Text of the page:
Advertisement

Wake-up call - It's cold outside

February 20, 2007|by TIM ROWLAND

Commentary

So the phone rings at 4:30 in the morning, and it's a recording from the Washington County Board of Education telling you that public schools will be closed - last Wednesday.

Is that a problem?

I don't know, I never really keep that close a track, so it might be interesting to know that there wasn't any school one day in early February. But the 4:30 a.m. part could be a sticking point.

And parents were not amused.

As a result, the school board has discontinued using the AlertNow Rapid Communications Service to advise parents that schools will be closed on account of the weather.

Advertisement

First of all, I'm not sure how "rapid" it is, if it takes the automated system six days to report a closing. Second, this mechanism seems to have a mind of its own, which is frightening. It might decide it wants to call your house and ask for a date.

As one parent described the experience, "... this morning somewhere between 4 and 5 a.m., the phone rings. I am fumbling for the phone, a glass of water and my box of tissues get knocked off the nightstand, my tissues are all wet and on the other end of the phone is some bozo from the school system telling me that "today, Wednesday, Feb. 7 WCPS schools are closed. Vote Ober-Wagner."

Actually, I made up the Ober-Wagner, but you get the drift.

Part of me thinks these parents asked for it. I mean, no way in the world would I ever give the Washington County Public Schools System my home phone number. That's just asking for trouble. Jeepers. Your home phone number? What were you thinking? Why don't you just give them the PIN number to your ATM card while you're at it?

Today it's school closings, tomorrow it's "This is Washington County schools, and if your daughter sends one more text message during class, we'll have your kneecaps broken."

School officials say they can live without AlertLater, because people can find out about school closings in other ways. Like looking out the window, for one thing.

Although that wouldn't help with this Tri-State trend of delaying school if it's cold. We never got that treatment when I was a kid. Mainly, because we had heard of these things I like to call "coats."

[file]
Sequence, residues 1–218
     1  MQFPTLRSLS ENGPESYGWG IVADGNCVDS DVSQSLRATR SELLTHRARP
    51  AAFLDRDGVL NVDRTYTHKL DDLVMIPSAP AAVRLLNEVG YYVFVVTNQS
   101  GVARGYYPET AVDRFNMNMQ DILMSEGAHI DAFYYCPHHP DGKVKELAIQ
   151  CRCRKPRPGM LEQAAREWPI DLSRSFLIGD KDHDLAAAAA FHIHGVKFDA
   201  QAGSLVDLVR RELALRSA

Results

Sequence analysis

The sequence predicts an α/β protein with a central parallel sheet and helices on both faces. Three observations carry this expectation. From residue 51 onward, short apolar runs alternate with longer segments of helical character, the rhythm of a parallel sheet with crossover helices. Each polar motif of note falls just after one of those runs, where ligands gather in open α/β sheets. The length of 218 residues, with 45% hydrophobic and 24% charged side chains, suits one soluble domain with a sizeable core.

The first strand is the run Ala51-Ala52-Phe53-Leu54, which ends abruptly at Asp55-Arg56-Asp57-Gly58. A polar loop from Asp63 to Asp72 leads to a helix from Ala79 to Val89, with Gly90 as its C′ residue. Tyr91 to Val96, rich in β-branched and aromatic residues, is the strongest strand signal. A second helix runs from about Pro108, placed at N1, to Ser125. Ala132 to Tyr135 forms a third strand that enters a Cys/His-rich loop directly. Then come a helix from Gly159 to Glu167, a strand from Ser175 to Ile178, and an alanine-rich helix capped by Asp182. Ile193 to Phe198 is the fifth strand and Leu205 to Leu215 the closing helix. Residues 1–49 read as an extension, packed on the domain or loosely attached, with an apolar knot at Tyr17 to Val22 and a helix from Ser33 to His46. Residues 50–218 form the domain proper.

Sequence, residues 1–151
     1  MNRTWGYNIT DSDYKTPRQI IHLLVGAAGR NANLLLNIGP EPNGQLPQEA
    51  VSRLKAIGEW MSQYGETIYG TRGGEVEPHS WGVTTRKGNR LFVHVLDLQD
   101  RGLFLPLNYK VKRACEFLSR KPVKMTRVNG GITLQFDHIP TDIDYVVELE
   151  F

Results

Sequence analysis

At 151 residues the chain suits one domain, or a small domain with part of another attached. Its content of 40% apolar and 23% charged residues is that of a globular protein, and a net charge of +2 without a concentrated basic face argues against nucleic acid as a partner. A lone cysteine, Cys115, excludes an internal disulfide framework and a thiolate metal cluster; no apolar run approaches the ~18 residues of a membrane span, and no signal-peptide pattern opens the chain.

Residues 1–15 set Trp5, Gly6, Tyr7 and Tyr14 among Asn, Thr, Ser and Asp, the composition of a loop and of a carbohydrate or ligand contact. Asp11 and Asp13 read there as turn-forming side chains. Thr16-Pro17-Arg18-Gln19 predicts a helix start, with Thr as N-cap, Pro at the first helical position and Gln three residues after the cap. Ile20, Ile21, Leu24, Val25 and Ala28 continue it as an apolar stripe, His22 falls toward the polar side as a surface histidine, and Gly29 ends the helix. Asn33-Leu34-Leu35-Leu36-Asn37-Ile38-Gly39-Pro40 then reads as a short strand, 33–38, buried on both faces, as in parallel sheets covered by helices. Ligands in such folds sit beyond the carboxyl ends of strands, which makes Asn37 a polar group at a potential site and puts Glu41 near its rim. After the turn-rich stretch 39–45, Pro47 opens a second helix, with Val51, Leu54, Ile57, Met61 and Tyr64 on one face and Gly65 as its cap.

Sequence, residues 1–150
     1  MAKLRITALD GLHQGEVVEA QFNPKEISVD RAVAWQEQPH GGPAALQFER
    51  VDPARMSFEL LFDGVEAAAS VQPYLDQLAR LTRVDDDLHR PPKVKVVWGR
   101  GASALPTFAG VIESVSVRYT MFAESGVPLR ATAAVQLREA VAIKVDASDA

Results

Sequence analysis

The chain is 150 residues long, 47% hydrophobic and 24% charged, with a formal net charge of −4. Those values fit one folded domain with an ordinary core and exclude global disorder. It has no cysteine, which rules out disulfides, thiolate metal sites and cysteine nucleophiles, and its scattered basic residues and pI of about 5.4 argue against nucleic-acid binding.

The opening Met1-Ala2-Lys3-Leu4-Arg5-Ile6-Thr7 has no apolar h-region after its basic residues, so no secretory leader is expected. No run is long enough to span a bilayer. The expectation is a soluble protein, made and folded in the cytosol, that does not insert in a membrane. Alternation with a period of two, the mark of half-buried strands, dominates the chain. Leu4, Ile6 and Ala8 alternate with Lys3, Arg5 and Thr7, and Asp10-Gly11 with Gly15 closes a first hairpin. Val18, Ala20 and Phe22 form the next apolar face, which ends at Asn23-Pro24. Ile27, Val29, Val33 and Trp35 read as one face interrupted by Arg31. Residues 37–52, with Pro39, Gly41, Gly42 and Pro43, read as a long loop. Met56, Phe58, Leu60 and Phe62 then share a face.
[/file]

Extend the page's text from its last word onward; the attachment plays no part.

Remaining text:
But now cold weather is reason for a two-hour delay. Like if it's 2 degrees at 7 a.m. it's going to be 65 by 9? No, it's going to be 4 degrees.

I asked my brother, who lives way up at the top of New York state, if schools there ever closed simply due to cold weather.

"Sometimes, if it hits 40 below."

"Out of concern for the kids?"

"No, because that's the point where diesel fuel turns to jelly."

Personally, I kind of like the board's current "Let's Keep Them Guessing" strategy, where you go to having school to a two-hour delay to not having school in the time it takes to flunk a burnout.

I like it because it's what people deserve. If school is canceled the night before and the storm never materializes, you get the chorus of "I can't believe they canceled school!" As school-cancellation phrases go, this is tied for first along with "I can't believe they didn't cancel school!"

People are lucky I'm not in charge, is all I have to say.

No. 1. I would require that all school desks would fold out into sleeper-sofas and if there were any question about the weather the following day, the little rugrats would just stay in school all night.

And No. 2, I can assure you, I would take the AlertNow automated telephone system and get aggressively stupid with it. You would be wishing that you only got one call at 4:30 in the morning, because I'd have it calling at 1 a.m., 2 a.m., 3:12 ...

"Greetings, this is Washington County Schools. Today is Feb. 19 and schools will be open today."

"Greetings, this is Washington County Schools. Today is Feb. 19 and things still look good for this morning."

"Greetings, this is Washington County Schools. Storm clouds developing over Milwaukee. We will keep you posted."

"Greetings, this is Washington County Schools. It is drizzling in New Zealand."

Then again, I can't even program my own cell phone to speed dial, so who am I kidding?

Tim Rowland is a Herald-Mail columnist. He can be reached at 301-733-5131, ext. 2324, or via e-mail at timr@herald-mail.com. You can listen to his podcast, The Rowland Rant, on www.antpod.com.

The Herald-Mail Articles
|
|
|